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11 teens expelled in California grade tampering scandal

Stolen credentials; Unauthorized use of user privileges

A Corona del Mar High School principal failed for months to warn parents about a private tutor and his suspected involvement in a cheating scandal that began at least as early as June 2013.

On Jan. 28, the Newport-Mesa Unified school board approved the expulsion of 11 students accused of hacking into school computers. Police say the students were aided by tutor Timothy Lance Lai. Those implicated and their parents say that Lai was working with approximately 150 other students who may have also been involved in the grade-changing scheme.

Although no charges have been filed, a search warrant indicates police were looking at possible felony counts, according to the LA Times. The newspaper reports that the tutor “masterminded a scheme in which students obtained the passwords and log-on information of teachers and hacked into the district computer system to change grades and access exams.”

Lai instructed the students on how to attach a keylogger device to various teachers' computers.

“With the recorded information, the students changed grades and accessed English, science and history exams, some at the honors and Advanced Placement levels,” the LA Times reports.

Jane Garland, a top district administrator, complained that the students were punished equally, rather than disciplined based on their varying levels of involvement, which she said ranged from breaking into the school to just having knowledge of the hacking scheme.

“Lai has disappeared, but the Newport Beach Police Department is seeking him for questioning,” the OC Register reports. “Officers searched his Irvine home and car on Dec. 18 and took away two hard drives, a cellphone, a book with a cutout containing an electronic device, a notepad full of student names and several math tests, among other items.”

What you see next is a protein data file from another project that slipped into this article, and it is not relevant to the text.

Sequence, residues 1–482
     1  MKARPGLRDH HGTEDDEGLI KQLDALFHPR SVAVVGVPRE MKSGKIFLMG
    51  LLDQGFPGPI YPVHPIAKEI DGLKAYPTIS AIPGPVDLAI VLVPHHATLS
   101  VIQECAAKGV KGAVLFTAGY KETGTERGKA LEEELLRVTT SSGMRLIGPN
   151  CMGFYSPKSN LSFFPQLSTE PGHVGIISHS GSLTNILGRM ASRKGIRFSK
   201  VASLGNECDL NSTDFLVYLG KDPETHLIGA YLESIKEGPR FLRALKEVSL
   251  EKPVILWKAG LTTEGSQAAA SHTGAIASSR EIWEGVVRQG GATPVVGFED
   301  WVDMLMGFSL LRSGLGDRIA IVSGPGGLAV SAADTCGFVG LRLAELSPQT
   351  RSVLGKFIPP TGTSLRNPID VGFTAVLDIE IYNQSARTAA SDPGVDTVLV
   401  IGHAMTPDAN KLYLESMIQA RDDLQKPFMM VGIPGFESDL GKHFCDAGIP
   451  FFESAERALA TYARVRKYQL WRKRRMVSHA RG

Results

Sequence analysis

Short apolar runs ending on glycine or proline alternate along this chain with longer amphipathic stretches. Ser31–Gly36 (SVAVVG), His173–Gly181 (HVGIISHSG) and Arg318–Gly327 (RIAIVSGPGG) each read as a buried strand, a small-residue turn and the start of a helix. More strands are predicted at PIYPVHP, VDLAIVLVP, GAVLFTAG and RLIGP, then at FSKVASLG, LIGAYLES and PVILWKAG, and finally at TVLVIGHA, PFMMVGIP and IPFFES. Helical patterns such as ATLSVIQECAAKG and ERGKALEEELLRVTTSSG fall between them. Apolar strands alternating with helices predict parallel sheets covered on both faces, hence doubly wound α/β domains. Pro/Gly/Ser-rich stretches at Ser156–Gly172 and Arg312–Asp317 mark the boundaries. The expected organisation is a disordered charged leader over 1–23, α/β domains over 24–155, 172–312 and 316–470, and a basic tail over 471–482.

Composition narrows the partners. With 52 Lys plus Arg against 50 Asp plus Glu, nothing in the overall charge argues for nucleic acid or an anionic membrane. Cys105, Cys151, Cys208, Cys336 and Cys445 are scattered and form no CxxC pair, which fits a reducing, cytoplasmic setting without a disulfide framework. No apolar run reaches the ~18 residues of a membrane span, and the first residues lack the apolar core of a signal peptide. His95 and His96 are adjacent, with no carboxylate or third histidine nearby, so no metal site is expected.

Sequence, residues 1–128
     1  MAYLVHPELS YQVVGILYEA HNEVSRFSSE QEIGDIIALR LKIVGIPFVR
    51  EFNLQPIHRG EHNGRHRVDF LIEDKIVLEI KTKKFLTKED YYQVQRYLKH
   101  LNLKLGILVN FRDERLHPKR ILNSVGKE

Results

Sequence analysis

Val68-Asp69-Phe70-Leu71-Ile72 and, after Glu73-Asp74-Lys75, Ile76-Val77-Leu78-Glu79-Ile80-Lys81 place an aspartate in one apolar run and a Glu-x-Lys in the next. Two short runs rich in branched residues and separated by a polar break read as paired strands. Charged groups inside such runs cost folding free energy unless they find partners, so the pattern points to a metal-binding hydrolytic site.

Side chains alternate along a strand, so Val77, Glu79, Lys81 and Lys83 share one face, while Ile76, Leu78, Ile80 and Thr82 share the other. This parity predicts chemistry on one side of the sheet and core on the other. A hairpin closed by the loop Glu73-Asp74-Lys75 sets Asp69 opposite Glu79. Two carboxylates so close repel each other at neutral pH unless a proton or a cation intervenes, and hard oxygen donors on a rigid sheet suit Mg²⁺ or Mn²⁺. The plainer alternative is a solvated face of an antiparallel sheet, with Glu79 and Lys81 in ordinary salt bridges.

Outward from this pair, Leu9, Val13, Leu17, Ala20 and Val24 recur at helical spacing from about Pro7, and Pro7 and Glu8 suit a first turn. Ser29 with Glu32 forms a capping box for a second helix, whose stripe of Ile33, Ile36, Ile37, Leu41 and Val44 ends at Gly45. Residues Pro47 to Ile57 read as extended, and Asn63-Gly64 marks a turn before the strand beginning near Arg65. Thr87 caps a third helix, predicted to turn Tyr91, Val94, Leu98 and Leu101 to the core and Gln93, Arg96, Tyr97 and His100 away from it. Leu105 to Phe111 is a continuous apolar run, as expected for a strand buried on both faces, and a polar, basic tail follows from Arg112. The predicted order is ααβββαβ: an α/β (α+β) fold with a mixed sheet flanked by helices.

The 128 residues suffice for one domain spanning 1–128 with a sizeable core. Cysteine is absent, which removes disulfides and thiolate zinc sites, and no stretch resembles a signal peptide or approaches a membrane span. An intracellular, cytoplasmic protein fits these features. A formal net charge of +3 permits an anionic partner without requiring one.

Teachers are now going over more than 52,000 grades that were changed in the computer system to determine which ones may have been modified by hackers.

“Other than the students who implicated themselves – the district has no evidence who key-logged, who broke into the school, who had only knowledge,” Garland wrote in an internal email to the school board. “And yet all are receiving the same punishments.”

ThreatWatch is a regularly updated catalog of data breaches successfully striking every sector of the globe, as reported by journalists, researchers and the victims themselves.




February 3, 2014

reported by

Orange County Register

number affected


location of breach

California, United States


High School Student

location of perpetrators

California, United States

date breach occurred


date breach detected

June 2013

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